The TLP, which was banned by the government under the Anti-Terrorism Act some five months back, has surprised many by fielding 84 candidates in 17 cantonments in three provinces. A careful analysis of the list of candidates of all the 206 wards shows that the ultra rightwing TLP has fielded three candidates in two of the nine cantonments in KP province, 24 in six of the eight cantonments in Sindh and 57 candidates in nine of the 19 cantonments in the Punjab.
According to federal Minister for Information Fawad Chaudhry, the TLP is contesting the elections because the Punjab government has not yet moved the case to the Supreme Court for delisting of the TLP as a political party as required under the law. He had disclosed that the Punjab cabinet had also declared the TLP as a banned organisation.
The government had slapped the ban on the TLP under the Anti-Terrorism Act on April 15 after three days of countrywide violent protests by its activists after the arrest of their leader Saad Rizvi in Lahore. The protest call had been given by the TLP leadership over what it claimed government’s failure to implement an agreement with the party, which had demanded that the matter of French ambassador’s expulsion from Pakistan over the blasphemy issue be referred to the parliament.
Because of one-on-one contests, interesting results are expected in various wards of cantonments, mostly in the Punjab.
The data shows that the highest number of 155 candidates are in the field in 10 wards of Walton Cantonment, followed by 112 candidates and 95 candidates in Lahore and Gujranwala cantonments, respectively.
In Sindh, as many as 98 and 88 candidates are contesting in Clifton and Faisal cantonments, respectively, while 73 candidates are in the run for Hyderabad cantonment board election.
In KP, there are 53 candidates in 10 wards of Abbottabad whereas 35 candidates are vying for five general seats in Quetta cantonment in Balochistan.
2.1m voters registered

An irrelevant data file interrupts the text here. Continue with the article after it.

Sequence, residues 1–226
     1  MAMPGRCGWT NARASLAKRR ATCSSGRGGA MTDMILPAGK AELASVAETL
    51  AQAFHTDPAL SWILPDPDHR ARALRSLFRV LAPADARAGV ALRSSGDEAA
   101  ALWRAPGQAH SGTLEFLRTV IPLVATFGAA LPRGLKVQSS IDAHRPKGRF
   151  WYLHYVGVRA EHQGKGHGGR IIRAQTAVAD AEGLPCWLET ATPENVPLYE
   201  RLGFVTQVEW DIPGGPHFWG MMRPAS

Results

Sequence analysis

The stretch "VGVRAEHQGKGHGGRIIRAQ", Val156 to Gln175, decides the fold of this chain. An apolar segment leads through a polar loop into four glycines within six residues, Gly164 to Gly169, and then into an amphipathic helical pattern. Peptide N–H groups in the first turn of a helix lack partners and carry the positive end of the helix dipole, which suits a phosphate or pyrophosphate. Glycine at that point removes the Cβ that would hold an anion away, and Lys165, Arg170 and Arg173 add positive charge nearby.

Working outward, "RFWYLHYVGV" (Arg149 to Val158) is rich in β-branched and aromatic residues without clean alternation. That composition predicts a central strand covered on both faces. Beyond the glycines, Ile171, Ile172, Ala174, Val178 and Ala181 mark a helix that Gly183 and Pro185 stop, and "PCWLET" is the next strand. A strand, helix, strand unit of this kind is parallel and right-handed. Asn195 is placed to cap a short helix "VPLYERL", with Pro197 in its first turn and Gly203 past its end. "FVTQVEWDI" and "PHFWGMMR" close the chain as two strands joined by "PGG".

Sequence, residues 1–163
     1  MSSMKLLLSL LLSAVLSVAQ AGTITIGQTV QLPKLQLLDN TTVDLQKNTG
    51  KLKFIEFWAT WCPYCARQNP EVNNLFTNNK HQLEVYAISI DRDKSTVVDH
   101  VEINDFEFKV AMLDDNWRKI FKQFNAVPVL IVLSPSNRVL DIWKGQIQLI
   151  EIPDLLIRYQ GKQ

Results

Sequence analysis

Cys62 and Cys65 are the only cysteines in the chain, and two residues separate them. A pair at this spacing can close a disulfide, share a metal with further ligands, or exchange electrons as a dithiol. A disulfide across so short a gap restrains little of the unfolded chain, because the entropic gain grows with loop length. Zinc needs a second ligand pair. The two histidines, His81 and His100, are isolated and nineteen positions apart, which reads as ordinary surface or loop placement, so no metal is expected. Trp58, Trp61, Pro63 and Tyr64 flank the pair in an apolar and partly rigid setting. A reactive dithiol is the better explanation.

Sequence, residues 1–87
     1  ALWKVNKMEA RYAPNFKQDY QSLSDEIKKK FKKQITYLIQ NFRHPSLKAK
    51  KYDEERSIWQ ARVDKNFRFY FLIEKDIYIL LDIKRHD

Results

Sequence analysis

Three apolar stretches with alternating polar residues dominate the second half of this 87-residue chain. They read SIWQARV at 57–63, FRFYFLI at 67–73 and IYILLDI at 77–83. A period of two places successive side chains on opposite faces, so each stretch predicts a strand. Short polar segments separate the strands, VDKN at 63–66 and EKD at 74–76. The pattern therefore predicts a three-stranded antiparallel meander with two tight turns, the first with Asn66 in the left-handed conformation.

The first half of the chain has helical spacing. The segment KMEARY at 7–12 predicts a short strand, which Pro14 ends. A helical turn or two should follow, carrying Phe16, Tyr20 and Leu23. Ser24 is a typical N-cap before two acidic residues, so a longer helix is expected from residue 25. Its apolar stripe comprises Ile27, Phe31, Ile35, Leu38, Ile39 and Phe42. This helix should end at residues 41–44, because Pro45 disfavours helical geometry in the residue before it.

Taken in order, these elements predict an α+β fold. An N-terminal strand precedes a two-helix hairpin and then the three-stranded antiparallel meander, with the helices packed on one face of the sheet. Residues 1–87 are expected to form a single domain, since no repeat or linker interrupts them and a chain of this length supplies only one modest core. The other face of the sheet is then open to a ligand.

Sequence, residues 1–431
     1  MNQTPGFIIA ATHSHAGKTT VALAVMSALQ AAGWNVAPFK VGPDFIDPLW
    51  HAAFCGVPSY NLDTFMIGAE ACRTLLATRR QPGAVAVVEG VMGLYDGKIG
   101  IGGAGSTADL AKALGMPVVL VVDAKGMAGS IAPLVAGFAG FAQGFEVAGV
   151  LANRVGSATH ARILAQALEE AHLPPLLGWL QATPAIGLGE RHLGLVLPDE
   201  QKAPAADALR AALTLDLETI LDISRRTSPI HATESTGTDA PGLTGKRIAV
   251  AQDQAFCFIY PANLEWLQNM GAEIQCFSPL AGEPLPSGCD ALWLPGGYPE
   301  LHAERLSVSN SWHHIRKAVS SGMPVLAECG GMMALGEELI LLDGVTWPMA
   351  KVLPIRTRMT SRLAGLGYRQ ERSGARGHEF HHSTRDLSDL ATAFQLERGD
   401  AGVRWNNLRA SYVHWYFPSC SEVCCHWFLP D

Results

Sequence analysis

In all the 42 cantonments, 2,197,441 voters (1,154,551 men and 1,043,190 women) are registered. According to the ECP, 5,080 polling booths will be set up in 1,644 polling stations.
The Free and Fair Election Network (Fafen) is also monitoring the cantonment board elections for the first time with the deployment of 74 male and 46 female observers. According to an official announcement by Fafen, these 120 observers will monitor the voting and counting processes at around 460 polling stations, almost 30 per cent of total polling stations. Fafen will release its observation report on September 15 to media and other stakeholders.
The cantonment board elections are the fifth major electoral exercise the nation is witnessing this year amid coronavirus pandemic. In February, by-elections were held on seven national and provincial assemblies seats. The same month elections in Gilgit-Baltistan were conducted, followed by the Senate polls in March though they were not direct elections, whereas people of Azad Jammu and Kashmir elected their representatives in July.
The cantonments where elections are being held are Rawalpindi, Chaklala, Wah, Taxila, Murree, Attock, Sanjwal, Jhelum, Mangla, Sargodha, Shorkot, Gujranwala, Kharian, Sialkot, Lahore, Walton, Okara, Multan and Bahawalpur (Punjab); Hyderabad, Karachi, Clifton, Malir, Faisal, Korangi Creek, Manora and Panno Aqil (Sindh); Peshawar, Risalpur, Nowshera, Mardan, Kohat, Bannu, D.I. Khan, Abbottabad and Havelian (KP); and Quetta, Zhob and Loralai (Balochistan).
Published in Dawn, September 12th, 2021